Keeton Sanchez is one of those kids who doesn’t let much keep him down for long.
After a senior year at Youngker High School full of unfortunate setbacks, like fracturing his leg and the death of his grandmother, the distance runner recently committed to Western Oregon University.
“I’m stoked,” Sanchez said.
“I had a lot of good options for college. I would’ve been happy wherever I went, but I’m super excited. I’m glad I can represent a team that looked like they wanted me to run with their program, and just the community of the team itself just felt welcoming.”
Sanchez made a name for himself during his time as a Roughrider, setting a new school record time for the mile at 4:24.96, and finishing top three in Youngker history in the cross-country, 800-meter and 2-mile runs.
All that success led to discussions with coaches at several universities, including ASU, but Sanchez said WOU felt right.
“Western Oregon just felt homey and felt like somewhere I could grow as a person and as a runner,” Sanchez said.
In August, about a week before the start of his senior season, Sanchez was running in one of the fields around Youngker when he stepped in a gopher hole.
“We were doing what’s called a temple run, so it’s pretty fast but not full-on race pace,” Sanchez said. “I was going fast, and right when I went to check my watch, I stepped in (the hole), and the whole thing caved in. It turned my ankle in.”
Initially, he didn’t think much of it and ran in his team’s next race.
“I ended up racing after that, because I was like, ‘Oh, it’s just a twisted ankle. It’ll be alright,’” Sanchez said. “But I think the race was what fully broke it.”
He ended up in a boot for the next few months, forced to watch from the sidelines.
“It was difficult for me mentally. I struggled a lot my senior year, just watching everybody,” Sanchez said.
He stayed active as best he could during his downtime.
“I did a lot of swimming. I did a lot of biking. I really lifted a lot during that time,” Sanchez said. “Just to stay locked in mentally. Obviously I wasn’t able to run, but just to stay active so my mind didn’t lose motivation.”
That hard work paid off, as he finished 21st out of 149 participants in the Division II cross-country state championship in November. His boot was only removed three months prior.
“Mentally, I was still struggling. (I worried) I was going to go out irrelevant in my senior year for my cross-country season,” Sanchez said.
“But once you get on that line, and the competitive juices start flowing again, I was like, ‘Dang, I’m out of the boot. I have to go now. This is what I’m built for. This is showtime.’”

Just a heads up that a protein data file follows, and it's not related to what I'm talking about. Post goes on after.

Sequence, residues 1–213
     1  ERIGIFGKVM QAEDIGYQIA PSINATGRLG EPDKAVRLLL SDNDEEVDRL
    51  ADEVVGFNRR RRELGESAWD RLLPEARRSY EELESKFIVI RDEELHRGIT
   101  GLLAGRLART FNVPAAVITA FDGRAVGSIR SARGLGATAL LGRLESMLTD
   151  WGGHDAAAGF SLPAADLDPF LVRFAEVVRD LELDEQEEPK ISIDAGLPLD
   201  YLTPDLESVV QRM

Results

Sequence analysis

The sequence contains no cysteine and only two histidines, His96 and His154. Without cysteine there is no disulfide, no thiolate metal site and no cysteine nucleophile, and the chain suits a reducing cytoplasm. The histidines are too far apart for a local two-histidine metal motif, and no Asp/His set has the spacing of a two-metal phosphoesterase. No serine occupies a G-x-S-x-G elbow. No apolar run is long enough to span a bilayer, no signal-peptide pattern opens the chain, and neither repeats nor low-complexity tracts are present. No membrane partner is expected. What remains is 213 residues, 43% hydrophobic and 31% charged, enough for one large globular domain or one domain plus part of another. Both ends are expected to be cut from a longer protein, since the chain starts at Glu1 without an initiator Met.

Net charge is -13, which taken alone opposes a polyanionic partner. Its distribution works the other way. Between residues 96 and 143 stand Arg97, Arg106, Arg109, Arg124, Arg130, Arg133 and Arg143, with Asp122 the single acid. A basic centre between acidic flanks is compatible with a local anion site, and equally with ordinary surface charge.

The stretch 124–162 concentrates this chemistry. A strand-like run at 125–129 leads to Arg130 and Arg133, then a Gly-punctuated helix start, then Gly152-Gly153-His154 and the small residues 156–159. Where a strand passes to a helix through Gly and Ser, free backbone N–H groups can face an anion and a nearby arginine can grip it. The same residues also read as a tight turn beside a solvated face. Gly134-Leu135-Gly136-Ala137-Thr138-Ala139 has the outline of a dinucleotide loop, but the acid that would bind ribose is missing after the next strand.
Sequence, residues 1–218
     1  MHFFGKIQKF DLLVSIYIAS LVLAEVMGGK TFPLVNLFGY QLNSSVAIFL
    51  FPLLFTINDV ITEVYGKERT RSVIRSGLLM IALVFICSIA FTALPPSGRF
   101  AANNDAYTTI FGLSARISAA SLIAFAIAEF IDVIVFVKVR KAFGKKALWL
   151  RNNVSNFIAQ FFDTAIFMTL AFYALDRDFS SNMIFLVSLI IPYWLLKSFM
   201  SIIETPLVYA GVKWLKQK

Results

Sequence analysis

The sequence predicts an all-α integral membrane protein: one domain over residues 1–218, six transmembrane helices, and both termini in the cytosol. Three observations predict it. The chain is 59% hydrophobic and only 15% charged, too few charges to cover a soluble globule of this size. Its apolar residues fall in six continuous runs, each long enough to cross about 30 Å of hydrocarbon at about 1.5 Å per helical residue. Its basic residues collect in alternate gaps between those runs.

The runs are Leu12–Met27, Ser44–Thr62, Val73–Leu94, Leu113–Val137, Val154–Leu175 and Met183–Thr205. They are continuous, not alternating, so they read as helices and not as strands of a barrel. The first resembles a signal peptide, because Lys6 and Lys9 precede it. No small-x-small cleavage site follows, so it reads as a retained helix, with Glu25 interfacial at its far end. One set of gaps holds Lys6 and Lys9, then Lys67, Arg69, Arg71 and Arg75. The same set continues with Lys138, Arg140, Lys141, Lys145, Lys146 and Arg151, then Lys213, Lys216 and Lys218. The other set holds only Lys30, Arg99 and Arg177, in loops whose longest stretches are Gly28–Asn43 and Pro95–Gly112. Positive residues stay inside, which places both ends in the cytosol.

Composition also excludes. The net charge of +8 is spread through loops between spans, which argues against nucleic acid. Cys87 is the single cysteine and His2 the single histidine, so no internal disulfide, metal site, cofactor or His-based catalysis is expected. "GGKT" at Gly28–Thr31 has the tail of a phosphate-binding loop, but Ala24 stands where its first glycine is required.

After such an incredible comeback, Sanchez was dealt an even tougher blow in March. His grandmother, Barbara Jo Mitchell, died less than a week shy of her 57th birthday at her Kansas home. She fought cancer for seven years.
Sanchez lived in Kansas until moving to Arizona in second grade. He said she supported him — before and after the move.
“When I was in Kansas, whenever I had a game, whether it was T-ball or just soccer at the rec center … she would always make the drive. She would always be there to cheer me on,” Sanchez said.
“She was a very competitive lady, so she instilled that competitive nature into me. She believed in me. (Even after we moved) she would always text me good luck before my big games.”
The senior year of high school can be tough for a lot of people as they prepare for their next steps in life. But even with all that was thrown his way, not to mention the pandemic, Sanchez said he will miss his time at Youngker — especially his running teammates.
“I love these dudes,” Sanchez said. “I know it’s cliché or whatever, but these guys are obviously more than teammates. These guys are brothers,” Sanchez said.
“It’s just been amazing to see the younger guys grow up with me, and the people in my class have grown up with me. It’s just been fun to watch them get so good.”
There is a lot for him to look back on, but he has his sights set on the future. WOU awaits him in the fall, and he said he couldn’t be more excited.
“I think Western Oregon has a lot of pretty places to run,” Sanchez said.
“In Arizona, it’s kind of difficult sometimes to get out of bed, like, ‘Hey, let’s go run in the morning,’ because you just run with dirt.”
He said he was impressed by his future team’s assistance with cleaning up after a storm during which tree branches fell.
“There, I’ll be able to push myself with those guys and work hard with those guys, and seeing them succeed is going to help me succeed, so that’s what I’m looking forward to,” Sanchez said.